Floods in the South of France in 2002. Drought and extreme heat throughout Western Europe in 2003. Mudslides in the Napa Valley in 2006. Hail in Chester County in 2008?
Real wine should be little more than an expression of nature. However, as important as nature is in contributing to the creation of great wine, it can also present some of the greatest risks faced by any winegrower, any farmer. This year’s most widespread natural “act of god” seems to be hail. I won’t even try to explain the meteorology behind it (for that, we have subject matter experts). In the last two weeks alone, I’ve read reports of hailstorms wreaking havoc in vineyards as far and wide as Montalcino, Beaujolais and the Mâconnais, and Long Island.
(Image courtesy of UCAR.)
The equally wide spread of those storm reports on other wine blogs – from Italy to San Diego, Switzerland to Manhattan – tells me that wine lovers are at least a little keener than the average consumer in their awareness of the natural risks associated with farming.
I encountered those risks first hand when visiting Château Turcaud in the Sauve-Majeure district of Bordeaux back in February 2004. It may have been the heat that got all the attention in the 2003 growing season. That wasn’t the problem at Turcaud, though. Good farming practices brought their wines through with clean, fresh flavors. Their problem that year was hail. In just one fell swoop, they lost over half their year's production to an April hailstorm, which occurred just after budset. During our visit, the ‘03s were still in tank and barrel. But half of those barrels, which would have been full in a normal year, languished without wine to fill them. When hail hits a wine grower’s vineyards, their annual production can be slashed dramatically, even eliminated altogether. If their wines are good, customers take notice.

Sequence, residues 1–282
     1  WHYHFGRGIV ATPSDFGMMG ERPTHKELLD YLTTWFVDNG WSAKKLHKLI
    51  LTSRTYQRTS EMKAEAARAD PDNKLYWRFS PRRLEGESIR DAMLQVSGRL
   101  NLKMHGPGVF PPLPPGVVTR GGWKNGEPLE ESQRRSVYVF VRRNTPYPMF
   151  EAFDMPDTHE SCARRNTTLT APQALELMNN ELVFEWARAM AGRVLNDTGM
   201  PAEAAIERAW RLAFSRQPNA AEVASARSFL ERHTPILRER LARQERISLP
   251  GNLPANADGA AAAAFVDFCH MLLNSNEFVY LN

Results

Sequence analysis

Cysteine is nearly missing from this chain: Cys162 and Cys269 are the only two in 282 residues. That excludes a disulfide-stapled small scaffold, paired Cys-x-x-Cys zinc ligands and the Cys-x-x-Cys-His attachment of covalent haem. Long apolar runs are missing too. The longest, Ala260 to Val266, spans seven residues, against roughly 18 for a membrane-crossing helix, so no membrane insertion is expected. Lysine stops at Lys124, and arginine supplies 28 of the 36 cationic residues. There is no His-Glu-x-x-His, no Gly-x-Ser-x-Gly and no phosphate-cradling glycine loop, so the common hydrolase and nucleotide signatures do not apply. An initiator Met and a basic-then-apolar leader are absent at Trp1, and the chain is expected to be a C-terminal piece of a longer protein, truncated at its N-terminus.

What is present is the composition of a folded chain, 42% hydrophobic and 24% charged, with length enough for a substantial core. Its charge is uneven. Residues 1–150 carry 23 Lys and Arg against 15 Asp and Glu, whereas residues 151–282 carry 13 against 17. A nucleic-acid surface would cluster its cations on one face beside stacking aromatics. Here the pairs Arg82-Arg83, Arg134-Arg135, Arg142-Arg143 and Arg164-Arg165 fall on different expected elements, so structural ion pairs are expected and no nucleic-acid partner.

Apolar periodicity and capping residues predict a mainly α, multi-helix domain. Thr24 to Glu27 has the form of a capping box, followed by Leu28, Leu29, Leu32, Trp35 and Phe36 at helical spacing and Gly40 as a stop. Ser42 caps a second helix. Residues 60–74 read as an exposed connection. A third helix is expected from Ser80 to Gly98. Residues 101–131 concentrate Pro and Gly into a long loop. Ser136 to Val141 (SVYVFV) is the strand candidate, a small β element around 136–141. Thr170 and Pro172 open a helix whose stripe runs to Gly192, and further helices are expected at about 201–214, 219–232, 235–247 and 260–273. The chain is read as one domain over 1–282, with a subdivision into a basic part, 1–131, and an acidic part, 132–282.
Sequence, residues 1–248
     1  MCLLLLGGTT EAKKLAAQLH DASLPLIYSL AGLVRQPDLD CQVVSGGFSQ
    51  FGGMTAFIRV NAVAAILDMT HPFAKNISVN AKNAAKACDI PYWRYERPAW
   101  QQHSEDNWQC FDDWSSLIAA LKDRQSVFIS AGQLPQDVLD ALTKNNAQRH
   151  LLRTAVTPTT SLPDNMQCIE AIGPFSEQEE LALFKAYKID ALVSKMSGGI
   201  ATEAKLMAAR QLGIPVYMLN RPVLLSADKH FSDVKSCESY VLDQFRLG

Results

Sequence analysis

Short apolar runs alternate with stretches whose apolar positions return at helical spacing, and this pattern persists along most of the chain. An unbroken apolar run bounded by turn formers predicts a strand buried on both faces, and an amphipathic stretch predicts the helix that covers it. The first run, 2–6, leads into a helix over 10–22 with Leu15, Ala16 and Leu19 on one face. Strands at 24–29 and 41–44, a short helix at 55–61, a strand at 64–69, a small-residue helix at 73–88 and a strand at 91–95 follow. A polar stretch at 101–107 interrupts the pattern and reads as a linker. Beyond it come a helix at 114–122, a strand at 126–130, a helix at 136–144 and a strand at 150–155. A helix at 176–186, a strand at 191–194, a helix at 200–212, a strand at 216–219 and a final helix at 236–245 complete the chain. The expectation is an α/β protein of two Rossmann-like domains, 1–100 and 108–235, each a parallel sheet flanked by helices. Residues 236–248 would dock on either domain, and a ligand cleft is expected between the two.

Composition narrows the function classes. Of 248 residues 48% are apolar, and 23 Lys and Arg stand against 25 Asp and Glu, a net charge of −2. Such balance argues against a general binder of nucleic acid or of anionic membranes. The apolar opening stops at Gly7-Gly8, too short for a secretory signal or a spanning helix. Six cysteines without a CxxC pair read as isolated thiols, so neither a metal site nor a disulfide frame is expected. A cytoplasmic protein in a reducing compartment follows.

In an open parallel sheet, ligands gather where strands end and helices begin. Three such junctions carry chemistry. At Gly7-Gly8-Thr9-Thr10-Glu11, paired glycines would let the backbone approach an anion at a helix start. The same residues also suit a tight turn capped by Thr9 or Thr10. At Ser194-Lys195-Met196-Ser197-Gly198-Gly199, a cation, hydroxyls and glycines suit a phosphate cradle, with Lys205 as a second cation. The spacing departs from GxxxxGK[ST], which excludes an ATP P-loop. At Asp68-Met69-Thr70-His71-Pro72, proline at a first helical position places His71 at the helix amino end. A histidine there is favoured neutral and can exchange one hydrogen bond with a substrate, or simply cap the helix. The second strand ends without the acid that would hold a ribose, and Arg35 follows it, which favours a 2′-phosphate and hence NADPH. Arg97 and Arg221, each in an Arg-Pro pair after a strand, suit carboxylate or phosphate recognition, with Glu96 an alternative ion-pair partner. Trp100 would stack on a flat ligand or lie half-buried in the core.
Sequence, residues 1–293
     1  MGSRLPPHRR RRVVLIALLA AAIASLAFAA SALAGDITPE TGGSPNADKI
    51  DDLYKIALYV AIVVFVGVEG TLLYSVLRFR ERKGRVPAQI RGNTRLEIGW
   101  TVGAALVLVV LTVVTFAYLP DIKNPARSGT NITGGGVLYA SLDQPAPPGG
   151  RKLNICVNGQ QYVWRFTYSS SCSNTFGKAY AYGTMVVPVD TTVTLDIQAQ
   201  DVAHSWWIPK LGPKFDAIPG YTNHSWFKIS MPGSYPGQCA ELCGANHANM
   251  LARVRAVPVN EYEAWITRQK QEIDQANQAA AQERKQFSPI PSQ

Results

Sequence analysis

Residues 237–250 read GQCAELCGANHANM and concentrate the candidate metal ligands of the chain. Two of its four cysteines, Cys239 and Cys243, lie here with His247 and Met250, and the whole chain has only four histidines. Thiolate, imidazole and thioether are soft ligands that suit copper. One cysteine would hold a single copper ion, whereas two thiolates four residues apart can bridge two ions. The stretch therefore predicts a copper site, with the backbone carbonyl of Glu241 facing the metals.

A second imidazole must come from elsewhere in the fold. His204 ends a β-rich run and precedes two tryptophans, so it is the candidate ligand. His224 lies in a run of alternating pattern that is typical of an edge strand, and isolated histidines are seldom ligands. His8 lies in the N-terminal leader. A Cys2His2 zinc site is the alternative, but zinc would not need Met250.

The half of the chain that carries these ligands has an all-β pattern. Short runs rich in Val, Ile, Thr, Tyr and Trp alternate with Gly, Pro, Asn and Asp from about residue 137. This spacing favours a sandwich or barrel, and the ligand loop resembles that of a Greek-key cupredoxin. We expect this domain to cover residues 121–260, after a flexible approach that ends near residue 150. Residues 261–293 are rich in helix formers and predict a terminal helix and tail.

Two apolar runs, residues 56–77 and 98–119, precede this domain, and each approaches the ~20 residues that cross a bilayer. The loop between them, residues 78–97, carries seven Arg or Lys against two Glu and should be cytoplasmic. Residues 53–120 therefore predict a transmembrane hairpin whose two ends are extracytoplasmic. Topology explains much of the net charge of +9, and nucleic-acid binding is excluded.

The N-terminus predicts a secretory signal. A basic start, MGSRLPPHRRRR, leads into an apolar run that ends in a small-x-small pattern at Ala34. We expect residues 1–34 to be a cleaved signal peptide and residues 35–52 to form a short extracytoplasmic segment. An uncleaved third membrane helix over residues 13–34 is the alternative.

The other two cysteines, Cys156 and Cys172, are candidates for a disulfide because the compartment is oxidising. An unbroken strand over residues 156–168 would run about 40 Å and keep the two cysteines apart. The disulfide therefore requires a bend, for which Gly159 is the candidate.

(Photo courtesy of Lenn.)
I wonder, though, how many people think about the natural risks inherent in farming when it comes to the food on their daily table. It seems like there’s a much greater disconnect. Nobody talks about it being a great vintage for asparagus like they do for wine grapes. And it's no wonder. Just take a trip to your local supermarket. Come rain or shine, hail or hurricane, there’s always a shiny, perfectly round tomato on the shelf, always a fluffy, unblemished head of lettuce in the bin. I guess those tomatoes are not unlike the bottles of Yellowtail Shiraz perched on the shelf in every corner liquor store around the world. They’re the products of industrial agriculture. It’s not that storm damage never occurs at the agri-business level; it’s just that you’re not likely to think about it unless you work for the company concerned. If fruit gets bruised, it’s thrown out. If a crop is destroyed, crop insurance covers it. Business as usual. There will still be tomatoes in the supermarket. They’ll just come from some other purveyor, location unimportant.
With the increasing interest in the local food movement and increased availability of true farmers’ markets, I’d like to think that disconnect is slowly starting to dissolve. When you walk up to a farm stand and buy a tomato, peach or bean from the person who grew it, your food suddenly becomes more real. It has a face and a name, not just a PLU (product lookup code) sticker. At the same time, the risks those farmers encounter in their daily work become more real, more tangible.